I already knew that the excavations at Sagalassus had produced several quite spectacular results, like that colossal statue of Hadrian that caught the headlines almost three years ago. I also knew the fine website Sagalassos.be, which proves that Flemish archaeologists know how to explain their results to non-specialists. And I had met one of the excavators some time ago. Yet, although I knew that Sagalassos was special, it was almost a shock to see what it actually was. It’s not another Ephesus, but I would not be surprised if it became one of the main sites in Turkey; it’s certainly better worth a visit than Miletus.
It is hard to enumerate what’s there to be seen, but I remember: a wide paved street, the ruins of the temple of Antoninus Pius, the Lower Agora, the nymphaeum of Hadrian, a small street, a bathhouse, a wall, rock tombs, a Byzantine church, and a partly excavated odium. After a short climb, we reached the Upper Agora, with a splendid nymphaeum from the age of Antoninus Pius, a heroon, the temple of Zeus, the Bouleuterion and the Prytaneum, the library, and the Hellenistic nymphaeum, where you can still drink the water. Finally, there’s the theater – the tenth I’ve seen in seven days.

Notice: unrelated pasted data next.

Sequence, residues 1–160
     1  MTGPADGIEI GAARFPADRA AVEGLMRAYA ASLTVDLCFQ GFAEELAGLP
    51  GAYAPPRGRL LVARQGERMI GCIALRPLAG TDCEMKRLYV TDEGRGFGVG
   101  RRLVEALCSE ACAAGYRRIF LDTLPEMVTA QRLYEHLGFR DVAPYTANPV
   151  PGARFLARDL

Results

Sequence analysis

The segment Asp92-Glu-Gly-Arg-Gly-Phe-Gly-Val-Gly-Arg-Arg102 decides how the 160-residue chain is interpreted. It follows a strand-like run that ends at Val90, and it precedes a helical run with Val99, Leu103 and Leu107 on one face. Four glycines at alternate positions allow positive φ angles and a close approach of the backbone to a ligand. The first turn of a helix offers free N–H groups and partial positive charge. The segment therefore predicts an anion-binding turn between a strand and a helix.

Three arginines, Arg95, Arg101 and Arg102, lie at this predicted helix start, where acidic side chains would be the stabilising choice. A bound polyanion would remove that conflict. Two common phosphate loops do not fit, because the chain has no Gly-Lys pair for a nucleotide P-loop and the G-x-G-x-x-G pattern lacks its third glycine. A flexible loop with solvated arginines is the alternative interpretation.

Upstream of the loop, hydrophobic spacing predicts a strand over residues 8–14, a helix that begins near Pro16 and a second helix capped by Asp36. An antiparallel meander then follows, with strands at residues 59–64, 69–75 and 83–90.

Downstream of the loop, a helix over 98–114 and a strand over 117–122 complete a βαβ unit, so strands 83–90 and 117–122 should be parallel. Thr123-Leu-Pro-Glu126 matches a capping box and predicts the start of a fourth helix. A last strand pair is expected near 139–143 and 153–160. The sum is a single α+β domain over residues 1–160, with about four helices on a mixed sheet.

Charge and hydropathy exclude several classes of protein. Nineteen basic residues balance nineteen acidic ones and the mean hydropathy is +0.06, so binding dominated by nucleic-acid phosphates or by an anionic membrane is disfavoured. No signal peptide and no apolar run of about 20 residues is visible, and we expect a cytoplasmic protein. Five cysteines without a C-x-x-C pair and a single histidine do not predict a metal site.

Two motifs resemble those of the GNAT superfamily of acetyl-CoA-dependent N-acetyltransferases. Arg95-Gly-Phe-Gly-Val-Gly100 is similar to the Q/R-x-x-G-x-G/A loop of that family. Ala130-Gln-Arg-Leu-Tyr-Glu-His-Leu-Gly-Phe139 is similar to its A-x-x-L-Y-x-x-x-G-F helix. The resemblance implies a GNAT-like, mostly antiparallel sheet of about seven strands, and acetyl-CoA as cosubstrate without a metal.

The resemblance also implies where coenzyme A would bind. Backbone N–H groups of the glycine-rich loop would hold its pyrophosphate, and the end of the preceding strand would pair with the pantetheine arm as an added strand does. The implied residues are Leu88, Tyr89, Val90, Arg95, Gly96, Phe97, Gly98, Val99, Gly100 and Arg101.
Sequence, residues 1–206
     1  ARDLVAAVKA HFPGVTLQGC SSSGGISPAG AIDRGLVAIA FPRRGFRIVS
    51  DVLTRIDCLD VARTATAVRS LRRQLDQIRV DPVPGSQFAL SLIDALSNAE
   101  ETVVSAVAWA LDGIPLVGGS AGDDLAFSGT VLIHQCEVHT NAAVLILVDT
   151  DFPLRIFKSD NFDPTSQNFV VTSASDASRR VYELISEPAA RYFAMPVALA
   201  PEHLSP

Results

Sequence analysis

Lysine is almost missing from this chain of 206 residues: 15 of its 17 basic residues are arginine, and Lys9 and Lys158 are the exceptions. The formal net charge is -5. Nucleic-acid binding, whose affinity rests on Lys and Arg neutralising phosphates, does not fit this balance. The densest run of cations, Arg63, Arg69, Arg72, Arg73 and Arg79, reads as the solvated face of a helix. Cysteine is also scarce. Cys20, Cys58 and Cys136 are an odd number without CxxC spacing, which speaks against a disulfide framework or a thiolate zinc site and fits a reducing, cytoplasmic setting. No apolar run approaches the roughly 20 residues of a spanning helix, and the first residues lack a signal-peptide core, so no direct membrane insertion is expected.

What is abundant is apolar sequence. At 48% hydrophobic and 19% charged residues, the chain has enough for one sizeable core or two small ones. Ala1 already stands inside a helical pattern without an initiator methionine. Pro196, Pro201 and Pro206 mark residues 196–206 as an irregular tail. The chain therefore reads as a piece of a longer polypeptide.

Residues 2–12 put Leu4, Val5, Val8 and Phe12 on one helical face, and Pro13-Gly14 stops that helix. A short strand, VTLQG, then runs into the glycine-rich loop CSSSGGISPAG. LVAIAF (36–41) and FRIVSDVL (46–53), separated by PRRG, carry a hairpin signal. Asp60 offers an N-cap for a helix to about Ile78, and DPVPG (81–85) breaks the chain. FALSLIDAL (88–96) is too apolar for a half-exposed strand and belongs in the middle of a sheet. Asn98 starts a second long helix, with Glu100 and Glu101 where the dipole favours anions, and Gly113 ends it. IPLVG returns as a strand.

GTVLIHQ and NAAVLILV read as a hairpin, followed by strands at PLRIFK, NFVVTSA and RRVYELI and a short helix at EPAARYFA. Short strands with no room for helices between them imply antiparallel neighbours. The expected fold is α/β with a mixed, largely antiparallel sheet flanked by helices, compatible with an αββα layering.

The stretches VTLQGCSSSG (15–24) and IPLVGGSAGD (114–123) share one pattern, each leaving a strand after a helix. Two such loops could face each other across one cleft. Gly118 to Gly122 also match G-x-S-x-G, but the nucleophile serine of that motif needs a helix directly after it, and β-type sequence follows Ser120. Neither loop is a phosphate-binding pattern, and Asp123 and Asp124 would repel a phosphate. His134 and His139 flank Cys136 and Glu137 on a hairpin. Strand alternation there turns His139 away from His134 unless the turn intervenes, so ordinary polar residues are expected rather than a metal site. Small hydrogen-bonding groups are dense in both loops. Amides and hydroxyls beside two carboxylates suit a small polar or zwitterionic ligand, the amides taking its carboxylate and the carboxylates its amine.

All sculpture has been removed to the museum at Burdur. As the excavations are still going on – the current permit expires in 2018 – it is not surprising that you cannot buy a guide to the site, but you can buy a useful leaflet at the house of the guard. Here, you can also buy tea or coffee, and have a pick-nick in the shade.